RB Nyheim Hines is a shiftier, more agile back who is more of a receiver, while Jonathan Taylor is a more physical runner who draws extra defenders. By continuing to fake handoffs to Taylor, and getting Hines into space up the middle, Indianapolis can move the ball throughout the game, but might not find the end zone enough. Both teams sit atop their division currently, but this game will ultimately be a test of whether they will be competitive in the playoffs.
Kansas City Chiefs @ Las Vegas Raiders
When these teams last met, the Raiders walked away the surprise victors, earning recognition as a contender. Las Vegas will hope they can run similar defensive schemes this time, but Kansas City are unlikely to make zero changes themselves. Instead of constantly pressuring QB Patrick Mahomes, the Raiders dropped players in coverage, cluttering the middle of the field, taking away throwing lanes, and had Safety help over the top for the CBs.
The Chiefs will use more TE and WR screens, as well as WR motion/handoff plays, instead of attacking vertically. Although Kansas City will have to settle for small gains at a time, after doing this for a while, especially if they can score in this way, the Raiders will need to open up space somewhere and bring extra defenders up to the line of scrimmage.
The Chiefs have better weapons on offense than Raiders on defense, but unless the Chiefs can get the ball to those weapons, the offense will be ineffective. While Kansas City wants to run the ball at times, they have been an inconsistent and overall average rushing offense this season, while the Raiders have been an average run defense too.
The Raiders’ own rushing attack is much better, as they are currently seventh in the league in total rushing yards, although their yards per carry is closer to the league average. This is the blueprint for the Raiders to win again, as Kansas City are currently allowing 4.8 yards per carry, which is equal-fourth worst in the league.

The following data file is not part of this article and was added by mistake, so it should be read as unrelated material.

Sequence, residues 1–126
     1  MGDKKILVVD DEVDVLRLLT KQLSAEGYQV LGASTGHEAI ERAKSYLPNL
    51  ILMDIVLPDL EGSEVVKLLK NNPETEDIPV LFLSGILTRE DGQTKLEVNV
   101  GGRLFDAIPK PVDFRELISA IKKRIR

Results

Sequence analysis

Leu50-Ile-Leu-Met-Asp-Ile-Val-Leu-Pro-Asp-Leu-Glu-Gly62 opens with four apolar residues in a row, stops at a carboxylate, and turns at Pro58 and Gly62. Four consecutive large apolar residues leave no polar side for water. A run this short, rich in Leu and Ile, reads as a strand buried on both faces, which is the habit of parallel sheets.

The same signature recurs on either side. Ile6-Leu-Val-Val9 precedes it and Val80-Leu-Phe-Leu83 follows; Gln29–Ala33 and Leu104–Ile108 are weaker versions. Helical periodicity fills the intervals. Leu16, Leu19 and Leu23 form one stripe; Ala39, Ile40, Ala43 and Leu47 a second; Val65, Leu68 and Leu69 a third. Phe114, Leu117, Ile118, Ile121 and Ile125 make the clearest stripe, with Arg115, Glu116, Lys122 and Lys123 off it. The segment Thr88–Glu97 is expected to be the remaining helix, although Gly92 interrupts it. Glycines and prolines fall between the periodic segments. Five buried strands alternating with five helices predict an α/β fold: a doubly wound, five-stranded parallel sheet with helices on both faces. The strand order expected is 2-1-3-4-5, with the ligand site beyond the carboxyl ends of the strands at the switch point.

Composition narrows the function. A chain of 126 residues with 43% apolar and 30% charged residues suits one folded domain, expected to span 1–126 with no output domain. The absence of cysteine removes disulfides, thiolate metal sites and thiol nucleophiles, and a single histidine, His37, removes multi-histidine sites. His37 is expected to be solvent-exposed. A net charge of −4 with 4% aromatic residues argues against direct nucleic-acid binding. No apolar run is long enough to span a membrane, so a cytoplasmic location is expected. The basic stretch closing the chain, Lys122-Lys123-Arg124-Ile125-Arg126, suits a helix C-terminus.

Although the Chiefs’ LBs struggle in coverage, and at times over pursue, leaving the backside exposed to counters and play action/fake handoffs, they can use their nickel Safety to help defend against the 22 and 21 personnel sets frequently used by Las Vegas. The Raiders will have mixed success with their WRs, but really rely on RB Josh Jacobs more than anything else. Kansas City won’t want to be swept by a divisional rival, but motivation may not be enough if the Raiders have another good game plan in store.
Los Angeles Rams @ Tampa Bay Buccaneers
With the Buccaneers yo-yoing back into form in Week 10, the question remains if they can stay effective against a Rams team that has been equally up and down at times in 2020. Tampa Bay finally managed to get the ball to WR Mike Evans, and are getting their pieces in place on offense. Although QB Tom Brady continues to target the inside/slot receiver and his TEs more than the outside, with WR Chris Godwin back, defenses need to decide between giving extra help against him or the outside receivers in Evans and Antonio Brown.
Tampa Bay needs to remain balanced on offense though, as the Rams’ CB will be tasked with eliminating either Evans or Brown, and the pass rush led by DL Aaron Donald will frequently penetrate the pocket. By continuing to run the ball, it gives Donald and co. pause, as well as provides extra short yardage on second and third down. The Rams’ defensive front hasn’t been as strong against the run, and with a TE up the middle and a RB sprung to the outside, their Safety Taylor Rapp will be exposed by one or the other. Tampa Bay’s pass game is their strength, but it only works when they run the ball too.
Los Angeles, however, are generally a pass-first team, and are expanding their own WR corps as Josh Reynolds and Van Jefferson are seeing more snaps alongside Cooper Kupp and Robert Woods. While the Buccaneers’ passing defense has been strong this season, their CB depth isn’t, and 3 and 4 WR sets will push them to their limit, especially with Jefferson, Kupp or Reynolds running an intermediate in route or slants patterns.
The Rams will also rotate through their RBs, and by mixing up their combinations of these 4WRs, their 2TEs and 3RBs, the Buccaneers will struggle to get into a rhythm and diagnose plays quickly. The physical run styles of Malcolm Brown and Darrell Henderson will open up holes through the middle, slowing down the pass rush, as well as keeping LBs Lavonte David and Devin White from using their speed to get to the outside and breaking up passes quickly.
Despite their offensive versatility, the Rams’ defense may not be able to get enough stops of their own, unlike Tampa Bay’s much more aggressive defense. With injuries along the OL for Los Angeles as well, the heavy blitz approach used by Tampa Bay could be even more dangerous than usual.